First announced on Sunday 20 by French Foreign Minister Laurent Fabius, the Ministers of Defence and Foreign Affairs Canada reported that Canada will indeed pursue its mission and carry African troops to Mali.
After much hesitation, Peter MacKay, Minister of National Defence, and John Baird, Minister of Foreign Affairs, postponed to February 15, the end of the mission of the CC-177 Globemaster available in France in As part of its military intervention in Mali, which can be used to transport troops and equipment.
"Our government has a strong record of support for international efforts to combat terrorist activities, said Minister MacKay. This resource provides Canadian military to France an important strategic airlift capability that allows it to increase stability and security in the region. "
"Canada is committed partner in the fight against terrorism in all its forms, said Minister Baird. We are aware of the many challenges facing Mali and its neighbors at the moment, and we are willing to do our part for the people of the Sahel. "
Baird added that the Government was considering also using that could make Canada "in areas other than military."
Shortly before the official announcement, transport aircraft was released from their regular duties for the next three months, which was already an indication that the Conservative government considered extending its commitment.
However, Stephen Harper does not want the country to be more involved as it is now.
"I talk with my colleagues, and we consult with opposition parties, Harper said. I would like to get a consent which would extend across the country for the next steps. I think it is important to give our support to this mission. At the same time, we have been very clear on the idea that we are ready to provide assistance, but we do not want that Canada is directly involved in a military operation in Mali, "said the Prime Minister to a reporter's question during a press conference in Cambridge, Ontario.
Meanwhile, on the side of the opposition, the leader of the New Democratic Party, Thomas Mulcair, who had indicated he wanted a debate in Parliament on Canada's contribution to Mali, have received, reported the daily Le Devoir in its Delivery on Thursday 24 January, assurance that Harper Conservatives consult Parliament before taking other commitments and promises to entrust the matter to the Parliamentary Committee on Foreign Affairs, the resumption of work next week where the New Democrats also want to discuss humanitarian aid to provide Malians.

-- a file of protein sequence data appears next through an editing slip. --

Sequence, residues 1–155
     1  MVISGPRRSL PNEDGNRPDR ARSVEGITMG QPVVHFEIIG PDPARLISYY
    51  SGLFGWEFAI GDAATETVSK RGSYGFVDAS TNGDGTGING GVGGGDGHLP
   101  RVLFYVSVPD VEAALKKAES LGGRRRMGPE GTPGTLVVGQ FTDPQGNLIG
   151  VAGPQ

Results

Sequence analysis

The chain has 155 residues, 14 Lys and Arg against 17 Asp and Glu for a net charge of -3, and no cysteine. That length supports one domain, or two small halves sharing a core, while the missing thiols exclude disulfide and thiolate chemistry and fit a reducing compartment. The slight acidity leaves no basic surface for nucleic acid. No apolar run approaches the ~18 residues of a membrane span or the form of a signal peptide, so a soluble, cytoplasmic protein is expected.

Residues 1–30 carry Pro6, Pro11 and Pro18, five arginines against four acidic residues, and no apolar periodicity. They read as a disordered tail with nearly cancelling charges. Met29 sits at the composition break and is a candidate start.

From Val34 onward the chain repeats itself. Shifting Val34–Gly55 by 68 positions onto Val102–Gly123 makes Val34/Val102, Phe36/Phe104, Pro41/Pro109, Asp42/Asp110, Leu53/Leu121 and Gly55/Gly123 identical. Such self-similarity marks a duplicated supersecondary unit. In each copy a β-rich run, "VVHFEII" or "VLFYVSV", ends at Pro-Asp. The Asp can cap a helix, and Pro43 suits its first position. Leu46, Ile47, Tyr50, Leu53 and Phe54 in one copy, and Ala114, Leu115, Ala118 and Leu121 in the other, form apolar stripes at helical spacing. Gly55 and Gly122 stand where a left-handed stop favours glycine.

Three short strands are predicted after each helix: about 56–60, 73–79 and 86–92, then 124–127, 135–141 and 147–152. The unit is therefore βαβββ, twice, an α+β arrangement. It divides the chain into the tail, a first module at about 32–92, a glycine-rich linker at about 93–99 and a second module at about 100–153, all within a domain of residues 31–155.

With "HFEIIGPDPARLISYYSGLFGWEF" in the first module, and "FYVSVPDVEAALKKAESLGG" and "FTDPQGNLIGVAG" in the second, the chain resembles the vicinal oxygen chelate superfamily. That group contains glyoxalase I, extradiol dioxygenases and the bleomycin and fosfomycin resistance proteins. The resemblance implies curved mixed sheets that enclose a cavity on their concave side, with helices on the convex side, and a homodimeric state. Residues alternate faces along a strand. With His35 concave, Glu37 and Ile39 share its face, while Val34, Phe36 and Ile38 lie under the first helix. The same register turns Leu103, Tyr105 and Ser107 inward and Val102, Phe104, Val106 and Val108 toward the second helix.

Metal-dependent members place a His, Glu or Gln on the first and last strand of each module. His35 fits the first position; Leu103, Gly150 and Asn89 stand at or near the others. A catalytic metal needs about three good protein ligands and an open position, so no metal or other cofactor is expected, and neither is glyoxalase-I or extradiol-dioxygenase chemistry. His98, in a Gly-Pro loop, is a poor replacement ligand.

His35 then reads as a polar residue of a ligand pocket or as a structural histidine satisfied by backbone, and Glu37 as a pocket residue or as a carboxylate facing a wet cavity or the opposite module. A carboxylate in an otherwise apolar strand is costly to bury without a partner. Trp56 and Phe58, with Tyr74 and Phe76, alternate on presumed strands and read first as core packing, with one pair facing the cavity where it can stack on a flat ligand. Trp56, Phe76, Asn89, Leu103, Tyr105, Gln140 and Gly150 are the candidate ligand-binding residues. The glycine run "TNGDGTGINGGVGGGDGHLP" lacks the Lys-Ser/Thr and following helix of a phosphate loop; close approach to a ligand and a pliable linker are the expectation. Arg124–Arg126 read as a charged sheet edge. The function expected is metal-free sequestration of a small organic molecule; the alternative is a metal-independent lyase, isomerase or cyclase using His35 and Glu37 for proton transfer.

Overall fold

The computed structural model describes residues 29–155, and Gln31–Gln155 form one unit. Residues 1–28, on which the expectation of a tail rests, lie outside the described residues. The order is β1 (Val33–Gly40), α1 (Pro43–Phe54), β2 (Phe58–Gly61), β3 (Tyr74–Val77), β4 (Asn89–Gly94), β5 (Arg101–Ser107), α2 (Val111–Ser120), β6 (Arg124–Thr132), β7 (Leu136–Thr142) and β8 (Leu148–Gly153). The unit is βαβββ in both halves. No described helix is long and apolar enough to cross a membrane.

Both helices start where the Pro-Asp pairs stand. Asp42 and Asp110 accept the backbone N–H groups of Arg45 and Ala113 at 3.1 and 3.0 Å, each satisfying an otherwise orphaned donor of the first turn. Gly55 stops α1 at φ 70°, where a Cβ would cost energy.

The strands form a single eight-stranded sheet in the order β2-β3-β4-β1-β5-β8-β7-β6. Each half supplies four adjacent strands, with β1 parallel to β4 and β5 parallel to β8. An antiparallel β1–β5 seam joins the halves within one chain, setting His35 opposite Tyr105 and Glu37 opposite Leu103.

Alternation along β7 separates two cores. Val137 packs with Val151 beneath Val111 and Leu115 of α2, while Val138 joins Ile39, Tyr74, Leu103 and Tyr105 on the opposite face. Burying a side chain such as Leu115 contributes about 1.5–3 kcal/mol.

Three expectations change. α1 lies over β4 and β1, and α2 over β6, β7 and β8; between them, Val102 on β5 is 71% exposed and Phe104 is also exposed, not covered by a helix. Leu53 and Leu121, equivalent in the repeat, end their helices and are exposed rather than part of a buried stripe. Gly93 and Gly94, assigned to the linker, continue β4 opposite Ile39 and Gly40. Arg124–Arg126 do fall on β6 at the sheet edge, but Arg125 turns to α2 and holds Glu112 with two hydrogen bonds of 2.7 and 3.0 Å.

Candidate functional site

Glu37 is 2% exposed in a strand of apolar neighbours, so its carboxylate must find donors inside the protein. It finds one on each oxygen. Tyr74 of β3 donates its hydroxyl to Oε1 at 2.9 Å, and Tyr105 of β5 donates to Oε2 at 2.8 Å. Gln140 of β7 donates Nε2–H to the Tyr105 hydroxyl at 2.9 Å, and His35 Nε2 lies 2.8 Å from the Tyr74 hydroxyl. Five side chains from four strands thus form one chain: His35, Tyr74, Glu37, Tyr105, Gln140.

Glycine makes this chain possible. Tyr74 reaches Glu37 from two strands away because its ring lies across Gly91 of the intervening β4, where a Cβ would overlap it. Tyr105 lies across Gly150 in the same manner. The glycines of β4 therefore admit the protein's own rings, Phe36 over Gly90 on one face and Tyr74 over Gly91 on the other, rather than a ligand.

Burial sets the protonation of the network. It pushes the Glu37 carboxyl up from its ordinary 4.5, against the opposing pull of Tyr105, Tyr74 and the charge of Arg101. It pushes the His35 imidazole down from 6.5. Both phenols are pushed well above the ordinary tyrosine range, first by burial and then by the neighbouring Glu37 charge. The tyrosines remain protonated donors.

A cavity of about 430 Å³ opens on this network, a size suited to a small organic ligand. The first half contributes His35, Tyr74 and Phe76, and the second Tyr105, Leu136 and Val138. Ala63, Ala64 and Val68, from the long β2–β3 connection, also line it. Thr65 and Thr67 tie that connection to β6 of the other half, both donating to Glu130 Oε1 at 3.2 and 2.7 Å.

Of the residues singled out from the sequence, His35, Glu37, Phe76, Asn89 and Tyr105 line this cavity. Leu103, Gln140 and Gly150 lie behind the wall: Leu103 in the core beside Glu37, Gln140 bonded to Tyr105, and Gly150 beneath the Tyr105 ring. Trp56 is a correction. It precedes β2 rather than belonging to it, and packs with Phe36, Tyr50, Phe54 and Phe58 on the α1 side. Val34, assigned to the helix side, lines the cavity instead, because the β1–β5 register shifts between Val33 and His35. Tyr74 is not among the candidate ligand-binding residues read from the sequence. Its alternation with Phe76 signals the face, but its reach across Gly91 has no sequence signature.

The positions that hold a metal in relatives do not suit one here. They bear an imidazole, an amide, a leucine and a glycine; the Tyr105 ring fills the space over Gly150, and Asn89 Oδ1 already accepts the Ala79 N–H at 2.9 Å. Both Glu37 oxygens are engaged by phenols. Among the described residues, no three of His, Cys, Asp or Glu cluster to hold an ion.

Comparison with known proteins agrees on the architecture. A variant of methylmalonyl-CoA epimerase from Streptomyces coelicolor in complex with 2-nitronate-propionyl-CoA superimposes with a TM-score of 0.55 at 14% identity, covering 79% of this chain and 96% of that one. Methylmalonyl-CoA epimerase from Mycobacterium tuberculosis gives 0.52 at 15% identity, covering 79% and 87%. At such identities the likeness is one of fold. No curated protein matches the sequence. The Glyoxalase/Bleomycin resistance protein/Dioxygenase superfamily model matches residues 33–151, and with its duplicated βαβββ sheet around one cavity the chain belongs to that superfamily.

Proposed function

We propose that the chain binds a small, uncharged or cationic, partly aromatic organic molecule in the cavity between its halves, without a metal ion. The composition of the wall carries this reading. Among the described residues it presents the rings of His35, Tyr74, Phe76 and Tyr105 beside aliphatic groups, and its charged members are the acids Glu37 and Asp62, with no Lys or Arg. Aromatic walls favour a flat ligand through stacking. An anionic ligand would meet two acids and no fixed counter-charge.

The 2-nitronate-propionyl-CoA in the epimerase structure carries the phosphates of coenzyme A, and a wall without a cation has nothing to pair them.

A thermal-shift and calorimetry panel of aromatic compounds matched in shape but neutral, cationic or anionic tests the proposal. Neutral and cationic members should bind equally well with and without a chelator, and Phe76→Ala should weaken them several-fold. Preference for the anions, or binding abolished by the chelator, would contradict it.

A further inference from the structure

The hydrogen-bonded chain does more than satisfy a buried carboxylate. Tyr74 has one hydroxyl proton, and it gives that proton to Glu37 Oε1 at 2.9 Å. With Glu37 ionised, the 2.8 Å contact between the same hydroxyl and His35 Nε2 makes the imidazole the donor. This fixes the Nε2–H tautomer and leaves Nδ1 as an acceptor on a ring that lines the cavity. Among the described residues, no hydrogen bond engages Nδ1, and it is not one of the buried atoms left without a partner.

While the Security Council of the United Nations adopted Resolution 2085, which requires all member states to provide assistance to Malian Defense Forces, but Prime Minister Harper has made it clear Wednesday, January 23 that Canadian participation efforts hunt for Islamists Mali was conditional on the support of Canadians and the opposition and that nothing will be announced until a consensus can not be done on this issue among politicians and the public.
Canada has sent one of its aircraft CC-177 and 35 Canadian Forces members to Mali on January 15. The aim of the operation was to support the French military intervention, but not directly involved. The mission, which lasted a week, was supposed to end on 24.
In an email, Jay Paxton, spokesman for Defense Minister said the aircraft made its sixth flight between France and Mali in the evening of 22.
In all, it is 128 tons of materials that have been transported so far.